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Is It OK to Drink Alcohol, Smoke or Eat During a Virtual Work Meeting?

Set clear expectations for employees

A woman sitting at a table with a glass of wine and a cell phone.

​The atmosphere at virtual work meetings has gotten a tad casual since the COVID-19 pandemic began. Tuning in from their homes via Zoom, WebEx, Skype or some other platform, employees have subbed their suits and ties, blouses and scarves for sweatshirts, tees and baseball caps when attending team or staff meetings.

But as people turn on their laptop cameras from their couches, decks and kitchen tables, just how relaxed are they allowed to be? Is it OK to light up a cigarette, have a glass of wine or hit the treadmill? Can employers dictate rules for employee behavior during those meetings even if the employee is not physically on company property?

Last year, a mother in the U.K. made headlines after she breastfed her infant on camera. She had covered herself but did not mute her audio, and a colleague sent her a private message asking her to turn off the camera and microphone. The mother, outraged, said she had the right to feed her baby and that it was "rude" to talk during a meeting with no video on.

So what can an employer do?

They can and should stipulate employee behavior during a virtual meeting, said Joseph H. Harris, Esq., chair of the Labor and Employment Practice Group at A.Y. Strauss that is based in Roseland, N.J.

"There is a common misconception among employees that, if they are working from home, workplace rules do not apply. This misconception can lead to problems in a number of areas, not just Zoom calls," he said. "For instance, employees may think that the rules regarding appropriate workplace conduct, anti-discrimination and anti-harassment do not apply if they are working from home or using their own electronic devices."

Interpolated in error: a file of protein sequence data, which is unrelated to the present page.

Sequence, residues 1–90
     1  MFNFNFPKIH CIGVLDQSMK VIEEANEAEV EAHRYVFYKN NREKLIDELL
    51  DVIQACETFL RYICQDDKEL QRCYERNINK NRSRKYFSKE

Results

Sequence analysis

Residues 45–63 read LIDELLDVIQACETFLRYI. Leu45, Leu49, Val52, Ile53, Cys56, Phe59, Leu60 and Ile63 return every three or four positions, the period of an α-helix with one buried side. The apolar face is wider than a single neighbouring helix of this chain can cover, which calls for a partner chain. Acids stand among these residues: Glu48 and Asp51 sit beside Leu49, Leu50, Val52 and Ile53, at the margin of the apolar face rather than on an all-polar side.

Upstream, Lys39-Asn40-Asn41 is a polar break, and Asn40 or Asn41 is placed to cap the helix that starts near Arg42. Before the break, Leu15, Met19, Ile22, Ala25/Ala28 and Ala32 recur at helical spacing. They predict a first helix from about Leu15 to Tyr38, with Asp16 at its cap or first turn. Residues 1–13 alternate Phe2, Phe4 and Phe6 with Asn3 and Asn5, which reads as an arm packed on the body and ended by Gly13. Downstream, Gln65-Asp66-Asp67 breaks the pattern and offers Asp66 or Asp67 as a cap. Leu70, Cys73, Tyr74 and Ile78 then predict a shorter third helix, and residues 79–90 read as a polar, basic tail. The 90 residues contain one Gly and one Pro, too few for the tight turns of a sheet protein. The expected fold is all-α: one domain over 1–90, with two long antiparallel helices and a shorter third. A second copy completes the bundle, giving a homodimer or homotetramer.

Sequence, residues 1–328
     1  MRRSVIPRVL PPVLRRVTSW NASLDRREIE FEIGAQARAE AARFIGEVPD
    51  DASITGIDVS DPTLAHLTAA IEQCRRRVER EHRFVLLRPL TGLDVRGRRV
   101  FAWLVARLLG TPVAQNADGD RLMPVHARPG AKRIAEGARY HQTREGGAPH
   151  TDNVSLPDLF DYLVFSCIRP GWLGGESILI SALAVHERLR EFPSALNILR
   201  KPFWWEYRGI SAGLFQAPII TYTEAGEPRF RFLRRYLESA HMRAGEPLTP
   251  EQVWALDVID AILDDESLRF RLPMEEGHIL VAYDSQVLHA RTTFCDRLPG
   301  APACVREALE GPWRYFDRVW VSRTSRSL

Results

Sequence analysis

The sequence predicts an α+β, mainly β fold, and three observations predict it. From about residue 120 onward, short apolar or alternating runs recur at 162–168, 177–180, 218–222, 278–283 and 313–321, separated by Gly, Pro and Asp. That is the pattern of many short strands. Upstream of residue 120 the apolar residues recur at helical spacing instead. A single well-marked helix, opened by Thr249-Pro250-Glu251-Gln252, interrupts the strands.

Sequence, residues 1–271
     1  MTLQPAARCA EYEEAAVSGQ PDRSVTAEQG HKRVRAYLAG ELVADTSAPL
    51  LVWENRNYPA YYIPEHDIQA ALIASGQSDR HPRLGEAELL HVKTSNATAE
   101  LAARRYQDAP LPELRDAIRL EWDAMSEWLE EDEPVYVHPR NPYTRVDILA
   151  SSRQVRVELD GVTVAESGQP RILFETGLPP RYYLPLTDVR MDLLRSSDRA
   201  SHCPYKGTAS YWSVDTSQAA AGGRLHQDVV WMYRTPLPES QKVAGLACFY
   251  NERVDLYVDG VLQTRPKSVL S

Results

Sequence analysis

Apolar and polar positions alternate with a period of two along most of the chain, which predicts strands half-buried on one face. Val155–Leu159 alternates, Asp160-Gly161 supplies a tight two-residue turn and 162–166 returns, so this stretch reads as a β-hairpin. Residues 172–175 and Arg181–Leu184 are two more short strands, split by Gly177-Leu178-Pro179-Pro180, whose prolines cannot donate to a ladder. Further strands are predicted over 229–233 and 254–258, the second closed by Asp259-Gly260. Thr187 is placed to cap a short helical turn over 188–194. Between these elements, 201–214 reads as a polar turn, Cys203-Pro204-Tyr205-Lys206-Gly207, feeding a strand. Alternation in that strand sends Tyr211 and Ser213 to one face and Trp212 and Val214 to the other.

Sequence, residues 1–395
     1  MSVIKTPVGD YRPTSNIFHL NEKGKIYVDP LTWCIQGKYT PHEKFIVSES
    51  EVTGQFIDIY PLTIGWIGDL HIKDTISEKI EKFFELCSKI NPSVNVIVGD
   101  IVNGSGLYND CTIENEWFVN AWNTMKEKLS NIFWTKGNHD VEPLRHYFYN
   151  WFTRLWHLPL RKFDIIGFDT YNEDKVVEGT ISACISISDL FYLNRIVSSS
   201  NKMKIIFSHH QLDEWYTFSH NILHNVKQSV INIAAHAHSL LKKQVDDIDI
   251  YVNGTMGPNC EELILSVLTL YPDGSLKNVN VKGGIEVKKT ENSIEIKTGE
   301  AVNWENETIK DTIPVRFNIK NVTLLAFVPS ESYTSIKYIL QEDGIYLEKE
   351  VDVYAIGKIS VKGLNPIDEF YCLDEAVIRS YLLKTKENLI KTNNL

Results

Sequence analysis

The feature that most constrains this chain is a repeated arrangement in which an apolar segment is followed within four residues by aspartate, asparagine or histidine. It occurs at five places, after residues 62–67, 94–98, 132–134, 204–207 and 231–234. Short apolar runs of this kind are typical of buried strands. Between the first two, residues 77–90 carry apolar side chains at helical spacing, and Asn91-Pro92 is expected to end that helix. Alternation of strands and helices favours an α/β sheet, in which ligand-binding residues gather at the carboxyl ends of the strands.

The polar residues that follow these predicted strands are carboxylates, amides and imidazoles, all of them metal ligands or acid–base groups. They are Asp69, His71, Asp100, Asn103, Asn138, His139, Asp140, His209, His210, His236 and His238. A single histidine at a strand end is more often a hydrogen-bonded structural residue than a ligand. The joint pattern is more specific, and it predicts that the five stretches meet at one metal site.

Developing and distributing a remote-work policy is essential, he added, "especially in this new normal," to address behavioral expectations as well as issues such as security protocols and time tracking. Legally, it does not matter if the employee's behavior takes place in his or her home or at an employer-provided location, such as an office hoteling setup, he noted.

"Employees working from a space provided, and paid for, by their employer are more likely to assume that they are 'at work' and behave accordingly," Harris said. "However, an employee working from their living room may not realize that, during working hours, they are—for all intents and purposes—at work. They may not realize what protocols apply.

"They may not understand the privacy implications. And they may not realize that their behavior during a Zoom meeting is subject to the same standards as in the corporate boardroom. That is when problems arise. It is in employers' own self-interest to proactively address these misconceptions before they lead to complaints that could create legal jeopardy for the company." 

Establish Guidelines; Define Your Culture 

Making sure your company's culture is well-defined also is important, pointed out Keri Higgins-Bigelow, founder and chief executive officer of livingHR, a consultancy in Tampa, Fla.

"What do you allow or not allow, and what happens if someone breaks the rule?" she asked. "If it is not well-defined, you must start there. Once you have a well-defined culture, embed it into every layer of your people's employee journey. Identify what specific initiatives need to take place in order for you and your people to transform into the culture they need to feel successful and championed. Let people know what it should feel like for people to work at your organization." 

Workers at Z Grills Australia, a provider of pellet smoker barbecues in Heathmont, Victoria, Australia, may not smoke during a meeting, "even if your boss is doing it," said Michael Humphreys, company founder and CEO.

"Even though you're at home, it doesn't mean that you can act in any way you like during virtual meetings," he said. That includes no alcoholic beverages or eating during meetings and no wearing pajamas or tank tops. As for having a clean and pleasing background for the virtual meeting, Humphreys spelled it out: "Don't have a video call in the bathroom."